We live in a fast food, fear-based, instant gratification society; as a consequence, many mothers are induced before their due date or during labor to get the baby out quickly. They are encouraged to get an epidural, terrorized by the stories of unbearable pain during labor, and once that baby is born, parents are taught to quickly shush and soothe a crying baby because a baby cry needs to be “fixed.”
In my work as a postpartum doula, I notice that sometimes when babies cry they just need to tell you something. Of course I encourage to always attend to a baby crying. In fact, I am not a big supporter of anyone who tells you to let you baby cry to self-soothe or sleep on her own. But when I respond to a baby who is crying instead of shushing or bouncing him on a ball to quickly quiet him, I rather approach the crib, or chair and simply empathize. I say something like, “I hear you, I am here, tell me more. Did you wake up scared?” “You seem very upset. Tell me how you feel.” Invariably the baby hearing and feeling empathy calms down even before I pick him up and the cry changes its pitch and quality. Sometimes I envision the baby saying to himself, “Wow finally someone is listening!”
By empathizing, we give respect and acknowledgement to the baby’s feelings. Sometimes babies cry when they want to tell you the stories of their birth, or they want to tell you they just had a scary dream. Maybe they just want to let you know that when they fall asleep on your breast and then wake up in the crib alone, they get scared. Picking up a baby who cries using words such as, “Don’t cry, there is nothing wrong. Shushhhh,” is denying his feelings. Think about it, how would you feel if your loved one used these words when you were crying? Of course sometimes babies are simply hungry, have a dirty diaper, are overtired, or need to be burped, but once you have checked that their bodily needs are met, allow them to tell you their thoughts and feelings. If this crying happens in the middle of the night it is ok to give yourself a time limit; you can tell your child, “I hear you, I’ll listen to what you have to say for awhile, then we’ll go back to sleep.” After you have allowed the baby to express himself, go ahead and use the gentle shushing, swaddling, and all the other techniques to help your baby go back to sleep.
Remember that as much as your child has a right to his feelings, so do you. It is okay to tell your baby: “When you cry, I also feel frustrated because I wish I could understand you better.” But, beware of boundaries, one thing is empathizing; another is crying with him. When you answer to a baby cry (as the wonderful book CALMS by Carrie Contey and Debby Takikawa suggests), first check in with yourself and settle your feelings, only then can you truly help another.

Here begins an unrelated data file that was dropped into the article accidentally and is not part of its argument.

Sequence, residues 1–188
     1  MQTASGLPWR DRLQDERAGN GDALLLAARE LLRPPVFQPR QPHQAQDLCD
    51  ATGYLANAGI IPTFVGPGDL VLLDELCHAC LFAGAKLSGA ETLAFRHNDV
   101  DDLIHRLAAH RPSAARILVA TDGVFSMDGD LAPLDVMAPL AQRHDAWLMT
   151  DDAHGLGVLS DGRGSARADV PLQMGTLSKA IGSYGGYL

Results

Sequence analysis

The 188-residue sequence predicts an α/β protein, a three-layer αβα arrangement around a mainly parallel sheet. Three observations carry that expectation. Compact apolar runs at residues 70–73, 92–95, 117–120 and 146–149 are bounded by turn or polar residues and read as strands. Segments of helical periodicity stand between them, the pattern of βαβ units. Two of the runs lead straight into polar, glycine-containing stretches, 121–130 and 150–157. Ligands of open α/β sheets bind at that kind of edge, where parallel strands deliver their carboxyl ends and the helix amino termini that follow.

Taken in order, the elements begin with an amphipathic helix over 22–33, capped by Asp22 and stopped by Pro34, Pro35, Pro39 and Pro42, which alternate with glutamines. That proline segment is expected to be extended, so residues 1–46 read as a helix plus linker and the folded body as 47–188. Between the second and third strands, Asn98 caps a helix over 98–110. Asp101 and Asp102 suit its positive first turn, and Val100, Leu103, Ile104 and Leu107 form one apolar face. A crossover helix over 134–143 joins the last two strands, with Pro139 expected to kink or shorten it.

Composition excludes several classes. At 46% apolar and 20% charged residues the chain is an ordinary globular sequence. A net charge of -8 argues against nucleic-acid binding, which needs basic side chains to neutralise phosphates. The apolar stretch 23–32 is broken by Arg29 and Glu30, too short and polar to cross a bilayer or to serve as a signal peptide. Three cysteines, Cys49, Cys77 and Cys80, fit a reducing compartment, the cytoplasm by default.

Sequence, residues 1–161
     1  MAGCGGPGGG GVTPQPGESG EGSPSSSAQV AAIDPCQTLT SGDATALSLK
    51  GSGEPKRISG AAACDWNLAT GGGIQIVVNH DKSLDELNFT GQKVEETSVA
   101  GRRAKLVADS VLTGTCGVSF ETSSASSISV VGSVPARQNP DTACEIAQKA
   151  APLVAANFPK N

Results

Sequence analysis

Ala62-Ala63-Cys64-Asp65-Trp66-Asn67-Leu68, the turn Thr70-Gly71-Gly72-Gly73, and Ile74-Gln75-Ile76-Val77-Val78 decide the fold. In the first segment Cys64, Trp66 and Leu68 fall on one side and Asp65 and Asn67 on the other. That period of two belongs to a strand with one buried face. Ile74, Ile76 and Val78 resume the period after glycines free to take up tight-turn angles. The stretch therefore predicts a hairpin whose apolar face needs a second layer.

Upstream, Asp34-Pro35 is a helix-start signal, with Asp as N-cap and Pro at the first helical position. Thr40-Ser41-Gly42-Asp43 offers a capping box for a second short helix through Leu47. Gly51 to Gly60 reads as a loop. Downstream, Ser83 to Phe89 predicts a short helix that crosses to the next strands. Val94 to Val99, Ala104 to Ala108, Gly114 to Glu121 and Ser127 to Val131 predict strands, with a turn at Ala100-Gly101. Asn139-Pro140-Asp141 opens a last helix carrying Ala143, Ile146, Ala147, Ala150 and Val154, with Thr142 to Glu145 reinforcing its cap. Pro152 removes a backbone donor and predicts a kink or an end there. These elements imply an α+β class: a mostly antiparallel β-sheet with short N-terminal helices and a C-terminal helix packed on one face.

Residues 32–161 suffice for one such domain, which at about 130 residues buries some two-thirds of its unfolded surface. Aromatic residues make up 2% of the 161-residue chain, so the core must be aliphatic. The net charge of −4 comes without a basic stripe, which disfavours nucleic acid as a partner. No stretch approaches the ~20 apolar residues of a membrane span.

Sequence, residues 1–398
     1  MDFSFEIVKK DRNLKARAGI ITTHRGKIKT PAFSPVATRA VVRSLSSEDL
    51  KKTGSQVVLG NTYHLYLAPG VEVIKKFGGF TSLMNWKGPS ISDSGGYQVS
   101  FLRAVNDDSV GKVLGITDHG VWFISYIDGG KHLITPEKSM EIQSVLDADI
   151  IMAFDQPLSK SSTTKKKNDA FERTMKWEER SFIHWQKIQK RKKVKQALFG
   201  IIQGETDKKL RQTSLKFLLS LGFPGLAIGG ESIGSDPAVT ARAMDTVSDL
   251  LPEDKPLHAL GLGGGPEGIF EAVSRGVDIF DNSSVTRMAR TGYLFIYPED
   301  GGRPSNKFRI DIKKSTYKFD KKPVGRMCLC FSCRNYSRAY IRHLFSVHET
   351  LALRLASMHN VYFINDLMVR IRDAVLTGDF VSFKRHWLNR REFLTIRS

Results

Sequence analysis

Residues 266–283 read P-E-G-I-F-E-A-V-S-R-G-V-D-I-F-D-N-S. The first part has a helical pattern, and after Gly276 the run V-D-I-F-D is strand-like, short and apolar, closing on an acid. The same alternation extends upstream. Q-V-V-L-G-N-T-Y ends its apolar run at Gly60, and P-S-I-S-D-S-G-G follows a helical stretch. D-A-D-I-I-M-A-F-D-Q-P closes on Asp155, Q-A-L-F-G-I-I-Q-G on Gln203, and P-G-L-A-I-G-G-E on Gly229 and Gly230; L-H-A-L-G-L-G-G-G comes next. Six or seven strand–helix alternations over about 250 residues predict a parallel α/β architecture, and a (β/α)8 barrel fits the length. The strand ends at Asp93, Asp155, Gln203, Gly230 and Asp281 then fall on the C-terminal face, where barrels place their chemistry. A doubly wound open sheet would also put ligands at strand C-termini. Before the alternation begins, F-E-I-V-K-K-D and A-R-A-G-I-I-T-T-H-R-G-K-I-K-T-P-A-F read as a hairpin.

The second Basic Human Right is the right to feel. We have a right to our feelings, and we hope that those around us will allow us to express them and empathize. Your baby is not different.
Feelings Shared (excerpt from Painless Childbirth)
One common way we protect ourselves and others is by minimizing or hiding what we really feel. Some of us have been taught that our feelings are wrong and were told: “Stop crying. There is nothing to cry about! Stop that silly laugh! Wipe that grin off your face right now, young lady! I don’t appreciate that tone of voice, it is just not lady-like!”
Another defensive strategy is just the opposite: maximizing. People who employ this tactic let everyone know how they feel with unbridled self-expression. They yell, rant, or simply pout to show how indignant and angry they are. These people will tell you, are no pushovers. However, if they take an honest look at themselves, they’ll find out that even those flamboyant emotions hide their true feelings. No matter what your strategy for survival has been, take a good look at it. It was created a long time ago by someone who was little, immature, and had few resources at their disposal. It was created by your child-self.
Honor your true feelings by giving them a safe space to be expressed. In choosing the right person to share your feelings ask yourself: Can I trust this person to understand what I feel without giving me unsolicited advice? Can I trust this person not to take what I say personally and get hurt by my words?
Many of my clients love to share all their emotions with their partners and get frustrated if they don’t get the reaction they want. A partner cannot fulfill all of your needs, and expecting them to is asking the impossible. Search for a trusted friend, a counselor, or spiritual guide to share some of your feelings. Remember, you also have pen and paper, and your Higher Power who will always be there to listen.
As you are beginning to understand and work on your right to be here, for you have chosen to come into this world, and your right to have the birthing experience you desire, same or different from your cultural or familial indoctrination, you begin to understand how your feelings play a big part in your well-being. When we feel good about ourselves and our ability to make the right choices, even if they differ from the norm, we can focus on what it is we really want.